A new study published today in the journal Gondwana Research, has revealed the past position of the Australian, Antarctic and Indian tectonic plates, demonstrating how they formed the supercontinent Gondwana 165 million years ago.
Researchers from Royal Holloway University, The Australian National University and Geoscience Australia, have helped clear up previous uncertainties on how the plates evolved and where they should be positioned when drawing up a picture of the past.
Dr Lloyd White from the Department of Earth Sciences at Royal Holloway University said: "The Earth's tectonic plates move around through time. As these movements occur over many millions of years, it has previously been difficult to produce accurate maps of where the continents were in the past.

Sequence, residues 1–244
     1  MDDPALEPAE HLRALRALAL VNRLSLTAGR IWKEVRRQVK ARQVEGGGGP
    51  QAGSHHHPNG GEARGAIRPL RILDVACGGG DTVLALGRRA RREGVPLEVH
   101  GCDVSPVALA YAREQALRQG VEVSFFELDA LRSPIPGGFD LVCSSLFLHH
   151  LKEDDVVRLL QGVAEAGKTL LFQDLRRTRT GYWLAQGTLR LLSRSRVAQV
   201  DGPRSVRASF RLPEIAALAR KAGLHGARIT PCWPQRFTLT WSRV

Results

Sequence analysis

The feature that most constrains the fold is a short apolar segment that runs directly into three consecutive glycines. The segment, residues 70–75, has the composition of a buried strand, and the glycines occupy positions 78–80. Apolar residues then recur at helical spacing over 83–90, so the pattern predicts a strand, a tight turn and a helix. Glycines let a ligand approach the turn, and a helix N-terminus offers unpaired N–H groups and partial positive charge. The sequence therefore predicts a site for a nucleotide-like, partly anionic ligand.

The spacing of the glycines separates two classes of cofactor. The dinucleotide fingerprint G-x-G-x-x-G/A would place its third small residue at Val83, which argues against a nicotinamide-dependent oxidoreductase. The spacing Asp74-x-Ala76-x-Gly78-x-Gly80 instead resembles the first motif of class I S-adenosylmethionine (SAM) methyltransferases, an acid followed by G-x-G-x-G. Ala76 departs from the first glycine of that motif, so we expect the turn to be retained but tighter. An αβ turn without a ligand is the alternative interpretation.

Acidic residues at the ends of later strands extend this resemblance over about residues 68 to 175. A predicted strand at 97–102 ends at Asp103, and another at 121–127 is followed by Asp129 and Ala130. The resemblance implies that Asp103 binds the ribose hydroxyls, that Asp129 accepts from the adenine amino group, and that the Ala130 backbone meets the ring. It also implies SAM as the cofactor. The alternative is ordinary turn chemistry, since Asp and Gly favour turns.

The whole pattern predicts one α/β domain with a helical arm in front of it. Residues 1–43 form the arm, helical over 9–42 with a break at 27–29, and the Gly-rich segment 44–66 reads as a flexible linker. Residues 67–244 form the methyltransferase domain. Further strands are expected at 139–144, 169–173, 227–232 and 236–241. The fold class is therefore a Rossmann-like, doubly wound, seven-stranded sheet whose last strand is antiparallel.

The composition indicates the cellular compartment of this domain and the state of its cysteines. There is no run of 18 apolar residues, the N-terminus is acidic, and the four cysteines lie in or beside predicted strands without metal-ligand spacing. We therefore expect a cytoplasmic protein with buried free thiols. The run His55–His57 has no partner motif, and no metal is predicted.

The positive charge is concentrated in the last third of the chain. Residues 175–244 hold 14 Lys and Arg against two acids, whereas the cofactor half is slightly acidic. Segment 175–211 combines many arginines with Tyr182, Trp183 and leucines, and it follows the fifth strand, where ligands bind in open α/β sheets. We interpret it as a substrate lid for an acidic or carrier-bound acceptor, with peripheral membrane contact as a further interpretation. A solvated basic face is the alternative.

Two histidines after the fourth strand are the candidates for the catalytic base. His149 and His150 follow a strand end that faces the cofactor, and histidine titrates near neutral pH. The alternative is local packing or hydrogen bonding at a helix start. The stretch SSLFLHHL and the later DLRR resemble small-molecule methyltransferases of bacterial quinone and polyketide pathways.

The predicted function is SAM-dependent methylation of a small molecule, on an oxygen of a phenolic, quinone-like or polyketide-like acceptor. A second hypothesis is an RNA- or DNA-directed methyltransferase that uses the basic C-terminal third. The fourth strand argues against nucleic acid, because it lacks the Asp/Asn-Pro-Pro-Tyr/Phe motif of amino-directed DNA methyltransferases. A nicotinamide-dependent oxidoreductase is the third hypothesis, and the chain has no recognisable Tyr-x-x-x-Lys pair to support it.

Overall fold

"We used a computer program to move geological maps of Australia, India and Antarctica back through time and built a 'jigsaw puzzle' of the supercontinent Gondwana. During the process, we found that many existing studies had positioned the plates in the wrong place because the geological units did not align on each plate."
The researchers adopted an old technique used by people who discovered the theories of continental drift and plate tectonics, but which had largely been ignored by many modern scientists.
"It was a simple technique, matching the geological boundaries on each plate. The geological units formed before the continents broke apart, so we used their position to put this ancient jigsaw puzzle back together again," Dr White added.
"It is important that we know where the plates existed many millions of years ago, and how they broke apart, as the regions where plates break are often where we find major oil and gas deposits, such as those that are found along Australia's southern margin."
|Contact: Tanya Gubbay|
Royal Holloway, University of London